Tagged: azure

We’re separating but will stay friends

Things change.  I’m not talking about my wife, job or car.  I’m talking about myself and infrastructure consisting of servers, storage and networking.  I don’t want underutilized resources that take time to manage and don’t let me get things done.

Let me explain.  I flew into Boston to give a couple of Executive Briefings on the Virtual Datacenter this week.  Some customers saw exactly where I was going and others probably thought I was insane.  I started at a high level and then went into the details but here’s the problem. When we talk about infrastructure becoming a pool of resources that you’re able to push and pull workloads into and out of, some people think it’s fairytale land.  It’s not.  I used to build my own computers but I don’t anymore.  I buy one that has the most, not all, of the best technology and is good enough.


DIY vs All-in-one - DIY image via ~keiby on flickr


What they see:

  1. Complex infrastructure with many moving parts
  2. Legacy applications, some virtualization adoption
  3. Thick fog that’s hard to see through
  4. They think they’ll have to trust something new

What I see:

  1. A multi-step process that takes time
  2. Virtualization allows us to focus less on the boxes, cables and spinning platters
  3. Platforms (Springsource with Azure, Amazon’s AWS also qualifying) enabling quicker development
  4. We can make existing infrastructure and software better

Infrastructure AND platforms are both part of the “Stack” and “Cloud” conversation.  It’s about businesses being able to let their most valuable asset (their people) work on deploying applications faster instead of provisioning servers.  Yes, the “server huggers” and “IT pros” as Brian Prince (Azure Evangelist at Microsoft) calls them, will still be needed to make sure we’re architecting and deploying apps properly on the infrastructure.

Change is ok.  Things aren’t perfect but continually improving.  Most of us drive cars instead of ride horses and we buy clothes instead of make our own.  People trust technology (network, shared storage, memory, etc) and build around its faults (RAID etc.).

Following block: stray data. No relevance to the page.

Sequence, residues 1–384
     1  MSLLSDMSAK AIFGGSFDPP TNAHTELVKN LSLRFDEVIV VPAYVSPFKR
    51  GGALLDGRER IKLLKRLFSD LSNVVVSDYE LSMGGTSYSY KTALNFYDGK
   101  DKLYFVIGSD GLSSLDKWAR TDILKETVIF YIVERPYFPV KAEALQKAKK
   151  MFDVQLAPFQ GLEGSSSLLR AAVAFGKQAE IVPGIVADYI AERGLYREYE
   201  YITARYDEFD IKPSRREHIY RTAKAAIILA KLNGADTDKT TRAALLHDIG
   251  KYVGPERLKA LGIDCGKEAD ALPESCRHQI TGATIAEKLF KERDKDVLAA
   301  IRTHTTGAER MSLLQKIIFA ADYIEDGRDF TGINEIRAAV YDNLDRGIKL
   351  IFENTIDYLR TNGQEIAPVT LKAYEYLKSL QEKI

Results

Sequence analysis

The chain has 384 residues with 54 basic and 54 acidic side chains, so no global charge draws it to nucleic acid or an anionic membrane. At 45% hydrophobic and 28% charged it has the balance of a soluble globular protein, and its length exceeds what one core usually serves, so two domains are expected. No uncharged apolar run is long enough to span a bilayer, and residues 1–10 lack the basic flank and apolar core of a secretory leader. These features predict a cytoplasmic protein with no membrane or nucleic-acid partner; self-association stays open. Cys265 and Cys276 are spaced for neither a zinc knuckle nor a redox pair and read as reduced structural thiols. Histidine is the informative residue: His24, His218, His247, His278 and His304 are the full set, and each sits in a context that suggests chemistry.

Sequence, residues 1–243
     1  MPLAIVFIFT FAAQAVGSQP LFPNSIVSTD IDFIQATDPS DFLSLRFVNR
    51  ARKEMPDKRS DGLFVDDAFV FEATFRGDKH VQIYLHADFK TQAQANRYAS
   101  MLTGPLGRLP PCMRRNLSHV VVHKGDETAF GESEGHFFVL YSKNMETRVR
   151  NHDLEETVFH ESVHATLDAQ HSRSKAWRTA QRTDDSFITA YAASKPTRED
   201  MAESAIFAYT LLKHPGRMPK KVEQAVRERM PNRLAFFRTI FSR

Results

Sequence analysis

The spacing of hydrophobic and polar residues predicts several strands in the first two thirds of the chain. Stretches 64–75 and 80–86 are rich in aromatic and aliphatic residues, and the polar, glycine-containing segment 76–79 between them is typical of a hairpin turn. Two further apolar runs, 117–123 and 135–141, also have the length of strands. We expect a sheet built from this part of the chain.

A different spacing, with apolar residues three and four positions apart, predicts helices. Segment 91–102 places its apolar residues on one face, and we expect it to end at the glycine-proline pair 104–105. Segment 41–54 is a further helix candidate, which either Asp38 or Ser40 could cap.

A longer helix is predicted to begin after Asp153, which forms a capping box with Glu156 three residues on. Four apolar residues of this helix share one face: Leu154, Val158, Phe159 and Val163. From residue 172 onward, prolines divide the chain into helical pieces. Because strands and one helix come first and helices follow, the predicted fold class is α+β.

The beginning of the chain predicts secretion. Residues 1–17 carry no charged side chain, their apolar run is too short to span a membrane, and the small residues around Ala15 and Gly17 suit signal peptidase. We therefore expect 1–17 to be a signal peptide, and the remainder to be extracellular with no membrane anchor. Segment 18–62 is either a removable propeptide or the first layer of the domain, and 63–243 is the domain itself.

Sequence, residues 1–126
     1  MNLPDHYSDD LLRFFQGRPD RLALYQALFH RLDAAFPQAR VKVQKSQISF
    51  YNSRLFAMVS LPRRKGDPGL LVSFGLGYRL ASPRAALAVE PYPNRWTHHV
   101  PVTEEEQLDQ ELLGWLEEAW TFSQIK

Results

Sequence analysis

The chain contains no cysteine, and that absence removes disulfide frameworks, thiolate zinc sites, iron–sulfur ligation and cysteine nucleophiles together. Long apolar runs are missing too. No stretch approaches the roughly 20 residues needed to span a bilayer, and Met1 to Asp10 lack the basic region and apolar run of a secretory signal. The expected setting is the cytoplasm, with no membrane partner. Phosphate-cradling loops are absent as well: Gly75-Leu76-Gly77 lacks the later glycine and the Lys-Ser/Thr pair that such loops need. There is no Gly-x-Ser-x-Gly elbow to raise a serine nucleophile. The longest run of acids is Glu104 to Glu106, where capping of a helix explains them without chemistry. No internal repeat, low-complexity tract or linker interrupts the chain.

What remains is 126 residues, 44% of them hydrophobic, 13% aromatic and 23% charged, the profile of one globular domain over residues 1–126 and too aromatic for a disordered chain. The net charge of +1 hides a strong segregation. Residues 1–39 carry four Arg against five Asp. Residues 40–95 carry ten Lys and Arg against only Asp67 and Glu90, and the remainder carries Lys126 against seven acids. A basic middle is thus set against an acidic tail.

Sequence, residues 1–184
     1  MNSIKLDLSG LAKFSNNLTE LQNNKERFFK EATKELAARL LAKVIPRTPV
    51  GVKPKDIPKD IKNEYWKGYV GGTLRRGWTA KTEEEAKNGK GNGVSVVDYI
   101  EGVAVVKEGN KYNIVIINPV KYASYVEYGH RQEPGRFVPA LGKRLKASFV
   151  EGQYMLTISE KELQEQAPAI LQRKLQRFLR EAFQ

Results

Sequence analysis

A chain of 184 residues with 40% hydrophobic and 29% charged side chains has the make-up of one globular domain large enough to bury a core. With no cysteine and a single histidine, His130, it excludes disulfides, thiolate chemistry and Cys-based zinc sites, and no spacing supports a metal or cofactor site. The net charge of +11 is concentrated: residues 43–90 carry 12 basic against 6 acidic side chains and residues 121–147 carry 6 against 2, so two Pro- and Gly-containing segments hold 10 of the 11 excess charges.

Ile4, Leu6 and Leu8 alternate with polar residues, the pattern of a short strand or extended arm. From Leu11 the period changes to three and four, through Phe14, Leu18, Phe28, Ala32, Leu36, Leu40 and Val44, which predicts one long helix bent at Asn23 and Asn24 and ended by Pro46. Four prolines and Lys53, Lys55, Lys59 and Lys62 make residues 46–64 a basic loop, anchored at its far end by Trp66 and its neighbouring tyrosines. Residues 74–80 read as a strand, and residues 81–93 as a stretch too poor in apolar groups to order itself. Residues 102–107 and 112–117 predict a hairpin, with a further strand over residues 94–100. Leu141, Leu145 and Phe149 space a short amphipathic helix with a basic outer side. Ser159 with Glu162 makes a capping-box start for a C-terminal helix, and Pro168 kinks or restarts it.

Recently I was bluntly accused of spouting an EMC-centric view.  As if other technology companies didn’t see it this way too.  Guess what, it’s not just EMC, it’s many end-users and vendors both who share this view.  The view of and challenges posed to enterprise customers is much different from those faced by sometimes smaller and more public-facing web service companies.  I get it.  There are still security challenges, management challenges, and legacy application challenges but before so quickly dismiss stacks and cloud, open your mind a bit.

Here are some notes I took during the keynote at the 2009 Microsoft’s Professional Developer Conference I attended months before joining EMC.

Session: Bridging the private and public Cloud

  • Move has been to get higher utilization
  • It’s about the applications and working to get them into the cloud


  • Build rich apps for the cloud while preserving app symmetry w/ the enterprise
  • Frictionless deployment across the spectrum
  • New breed of apps that span from on-premises to cloud

Getting Ready for Microsoft PDC09

I was invited as an “influencer” to attend the 2009 Microsoft Professional Developer’s Conference by Brian Prince.  This is my first PDC and I’m absolutely stoked to be here.  The event is important because it is the official launch of Microsoft’s Azure cloud platform.

In case you don’t know what Azure is, here’s a description from Microsoft’s web site:

The Windows Azure platform offers an intuitive, reliable and powerful platform for the creation of web applications and services.

The Windows Azure platform is comprised of Windows Azure: an operating system as a service; SQL Azure: a fully relational database in the cloud; and .NET Services: consumable web-based services that provide both secure connectivity and federated access control for applications.

Currently in Community Technology Preview (CTP), the services are free to evaluate through January 2010. We will begin charging customers on February 1st, 2010.

I’m excited to be a part of such a big event for Microsoft. One thing that seems to be consistent is that this is not your dad’s Microsoft. Their cloud group started with twenty engineers and has ramped up over the last couple of years.

Like I’ve done in the past, here’s a “What I want out of PDC09” list. If there’s something you would like out of PDC, feel free to leave a comment or e-mail me.

  1. Get the latest updates on the Azure stack
  2. Understand the limitations and where different services are best used
  3. See how Azure addresses challenges like deployment, scaling, security and private cloud integration
  4. Understand how Microsoft is making their software cloud-aware
  5. Talk to more people using Azure and see examples of how they are using it

Much of it is cloud-focused because I spend a bit of my time running Indy Cloud Users and involved with CloudCamp. It has been awhile since I’ve spent time with developers so I’m sure I will be learning a lot. I’ve been impressed with the dynamic nature of the company and individuals like Brian who deliver the message about what Microsoft is doing.